We have recently had a spell of nice warm weather which brought out some of our native butterflies to feed on the buddleia and lavender which has been planted around the centre, not only for butterflies but also for the bumble bees.
The three species of butterfly we have seen here at SOS this year are the Red Admiral, the Small Tortoiseshell and the Large White - this despite the prolonged rain through the spring and summer, which hit our native butterflies very hard.
The Red Admiral Butterfly is a frequent visitor to gardens throughout the British Isles and one of our most well-known butterflies. This butterfly is unmistakable, with the velvety black wings intersected by striking red bands.
This butterfly is primarily a migrant to our shores but due to domestic sightings of individuals in the first few months of the year, especially in the south of England, it now is considered by some to be resident, albeit representing only a small fraction of the UK Red Admiral population. This gets topped up every year with migrants arriving in May and June from central Europe. though the majority of these are unable to survive our winter, especially in the cooler regions of the British Isles.
The Small Tortoiseshell Butterfly is another of our most familiar species, appearing in gardens throughout the British Isles. However, this species has suffered a worrying decline over the last few years, especially in the south.
This butterfly has always fluctuated in numbers, but the cause of the most-recent decline is not yet known, although various theories have been proposed. One is the increasing presence of a particular parasitic fly, sturmia bella, due to global warming.
The fly lays its eggs on leaves of the food plant, close to where butterfly larvae are feeding: these eat the fly's eggs whole and the grubs that emerge feed on the insides of their host, avoiding the vital organs. A fly grub eventually kills its host and emerges from either the fully-grown larva or pupa before itself pupating. Although the fly attacks related species, such as the Peacock and Red Admiral, it is believed that the lifecycle of the Small Tortoiseshell is better-synchronised with that of the fly and it is therefore more prone to parasitism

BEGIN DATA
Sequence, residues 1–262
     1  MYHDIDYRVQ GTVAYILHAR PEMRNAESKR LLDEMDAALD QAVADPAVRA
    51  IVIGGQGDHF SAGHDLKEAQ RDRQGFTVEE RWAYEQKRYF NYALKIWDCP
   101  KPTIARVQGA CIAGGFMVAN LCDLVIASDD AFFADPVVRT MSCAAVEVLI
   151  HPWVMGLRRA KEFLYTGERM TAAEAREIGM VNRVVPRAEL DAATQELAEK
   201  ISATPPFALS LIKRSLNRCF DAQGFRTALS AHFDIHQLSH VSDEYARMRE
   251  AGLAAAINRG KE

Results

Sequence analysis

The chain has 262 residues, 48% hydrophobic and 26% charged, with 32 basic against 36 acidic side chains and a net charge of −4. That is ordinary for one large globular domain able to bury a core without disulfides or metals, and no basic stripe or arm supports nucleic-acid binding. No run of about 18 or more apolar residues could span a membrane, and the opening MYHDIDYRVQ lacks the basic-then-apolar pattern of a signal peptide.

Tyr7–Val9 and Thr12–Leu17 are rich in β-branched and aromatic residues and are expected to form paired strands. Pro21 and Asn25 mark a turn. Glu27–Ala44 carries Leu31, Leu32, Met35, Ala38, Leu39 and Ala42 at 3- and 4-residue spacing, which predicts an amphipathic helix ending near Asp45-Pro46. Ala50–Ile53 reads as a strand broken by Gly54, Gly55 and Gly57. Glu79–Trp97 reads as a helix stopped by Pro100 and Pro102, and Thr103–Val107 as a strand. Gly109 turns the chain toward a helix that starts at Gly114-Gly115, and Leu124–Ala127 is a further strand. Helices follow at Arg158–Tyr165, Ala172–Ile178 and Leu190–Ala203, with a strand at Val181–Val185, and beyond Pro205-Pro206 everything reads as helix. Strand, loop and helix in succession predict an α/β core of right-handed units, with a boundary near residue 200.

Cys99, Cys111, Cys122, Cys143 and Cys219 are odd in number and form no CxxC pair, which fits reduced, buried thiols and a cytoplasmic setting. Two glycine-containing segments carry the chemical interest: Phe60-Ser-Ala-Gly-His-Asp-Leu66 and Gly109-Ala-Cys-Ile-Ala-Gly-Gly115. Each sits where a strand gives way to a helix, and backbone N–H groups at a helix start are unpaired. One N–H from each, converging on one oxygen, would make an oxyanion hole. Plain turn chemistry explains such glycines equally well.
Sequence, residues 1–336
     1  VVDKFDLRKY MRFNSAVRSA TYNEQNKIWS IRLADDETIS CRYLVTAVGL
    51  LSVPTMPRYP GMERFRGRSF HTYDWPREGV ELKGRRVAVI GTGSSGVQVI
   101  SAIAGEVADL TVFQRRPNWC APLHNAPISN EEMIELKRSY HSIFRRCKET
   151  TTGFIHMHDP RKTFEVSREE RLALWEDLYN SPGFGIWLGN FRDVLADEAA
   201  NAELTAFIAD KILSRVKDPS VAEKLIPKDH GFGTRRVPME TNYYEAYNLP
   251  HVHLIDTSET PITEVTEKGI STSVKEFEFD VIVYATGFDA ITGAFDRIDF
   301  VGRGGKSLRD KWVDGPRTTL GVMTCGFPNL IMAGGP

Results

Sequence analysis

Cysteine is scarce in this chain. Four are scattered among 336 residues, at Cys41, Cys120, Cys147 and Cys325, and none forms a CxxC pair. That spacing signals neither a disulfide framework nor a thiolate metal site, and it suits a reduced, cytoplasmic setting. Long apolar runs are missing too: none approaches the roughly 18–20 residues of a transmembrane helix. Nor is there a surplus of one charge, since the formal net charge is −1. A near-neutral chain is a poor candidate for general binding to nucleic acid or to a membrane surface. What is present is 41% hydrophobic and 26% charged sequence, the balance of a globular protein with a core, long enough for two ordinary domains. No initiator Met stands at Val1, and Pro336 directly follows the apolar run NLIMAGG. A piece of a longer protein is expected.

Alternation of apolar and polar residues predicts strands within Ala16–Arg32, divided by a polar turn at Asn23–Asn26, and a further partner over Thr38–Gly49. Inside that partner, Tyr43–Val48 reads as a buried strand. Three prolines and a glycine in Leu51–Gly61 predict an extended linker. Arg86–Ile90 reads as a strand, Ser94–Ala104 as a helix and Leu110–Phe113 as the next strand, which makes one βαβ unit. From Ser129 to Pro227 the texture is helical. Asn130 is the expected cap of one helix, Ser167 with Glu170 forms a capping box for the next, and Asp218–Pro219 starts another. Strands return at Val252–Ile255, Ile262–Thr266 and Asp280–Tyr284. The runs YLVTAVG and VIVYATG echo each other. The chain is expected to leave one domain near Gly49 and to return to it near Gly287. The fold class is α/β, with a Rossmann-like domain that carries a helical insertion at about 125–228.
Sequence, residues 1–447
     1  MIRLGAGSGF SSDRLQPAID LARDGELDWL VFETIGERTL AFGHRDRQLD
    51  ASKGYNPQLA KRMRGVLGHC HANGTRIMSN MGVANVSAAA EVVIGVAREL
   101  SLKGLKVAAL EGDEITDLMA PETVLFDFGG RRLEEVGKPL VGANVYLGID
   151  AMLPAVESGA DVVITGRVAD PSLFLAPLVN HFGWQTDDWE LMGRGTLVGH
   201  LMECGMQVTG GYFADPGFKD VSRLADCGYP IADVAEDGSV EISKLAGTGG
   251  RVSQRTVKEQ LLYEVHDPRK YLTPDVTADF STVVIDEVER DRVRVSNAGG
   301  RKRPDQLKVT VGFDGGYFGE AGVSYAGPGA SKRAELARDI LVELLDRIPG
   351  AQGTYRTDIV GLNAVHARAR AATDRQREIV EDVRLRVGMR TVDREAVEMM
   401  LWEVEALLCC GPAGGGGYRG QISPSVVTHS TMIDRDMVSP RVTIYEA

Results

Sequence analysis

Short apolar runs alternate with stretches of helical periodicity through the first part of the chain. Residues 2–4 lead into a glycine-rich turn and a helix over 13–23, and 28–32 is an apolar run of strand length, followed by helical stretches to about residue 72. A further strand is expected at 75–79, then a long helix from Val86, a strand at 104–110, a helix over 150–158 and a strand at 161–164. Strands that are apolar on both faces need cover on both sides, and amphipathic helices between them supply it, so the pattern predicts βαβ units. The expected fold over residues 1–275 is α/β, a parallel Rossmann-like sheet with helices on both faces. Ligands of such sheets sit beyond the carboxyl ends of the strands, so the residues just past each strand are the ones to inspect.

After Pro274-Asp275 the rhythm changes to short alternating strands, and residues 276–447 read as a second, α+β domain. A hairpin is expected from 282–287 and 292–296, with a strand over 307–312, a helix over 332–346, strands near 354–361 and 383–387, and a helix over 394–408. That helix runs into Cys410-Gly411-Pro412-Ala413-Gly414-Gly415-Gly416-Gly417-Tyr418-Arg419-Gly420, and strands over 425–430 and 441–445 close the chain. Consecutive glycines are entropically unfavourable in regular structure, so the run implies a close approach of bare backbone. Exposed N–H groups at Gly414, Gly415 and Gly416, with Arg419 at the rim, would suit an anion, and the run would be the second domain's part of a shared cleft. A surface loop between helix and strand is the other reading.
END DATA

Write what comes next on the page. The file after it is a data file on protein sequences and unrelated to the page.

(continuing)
Finally, the Large White Butterfly (pieris brassicae) and the small white butterfly (pieris rapae) are commonly seen flying within our gardens and are affectionately called summer snowflakes.
While the Small White is a native species, the Large White usually migrates from southern Europe because they don't often survive a north European winter and have often been seen crossing the English channel in swarms of many hundred individuals to reach our shores.
The Large White's eggs are often laid in batches of 10 to 20 which hatch into yellow and black, slightly hairy caterpillars after about two weeks and feed for a month or more to reach a length of about 50mm before they turn into pupae.
The eggs of the Small White are laid singly and hatch into bright velvety-green caterpillars which burrow into the hearts of cabbages to feed. They leave their food plants when they're ready to pupate and usually attach themselves to a vertical surface such as a fence or wall with a silk girdle before they finally shed their skin in the summer months and hatch into the next generation of butterflies.
As all horticulturalists and gardeners are all too aware, both species of white butterfly can cause extensive damage to cabbages and other brassicas, eating holes in leaves and tunnelling into the hearts. The severity of cabbage white problems can vary considerably from year to year due to weather, immigration and diseases.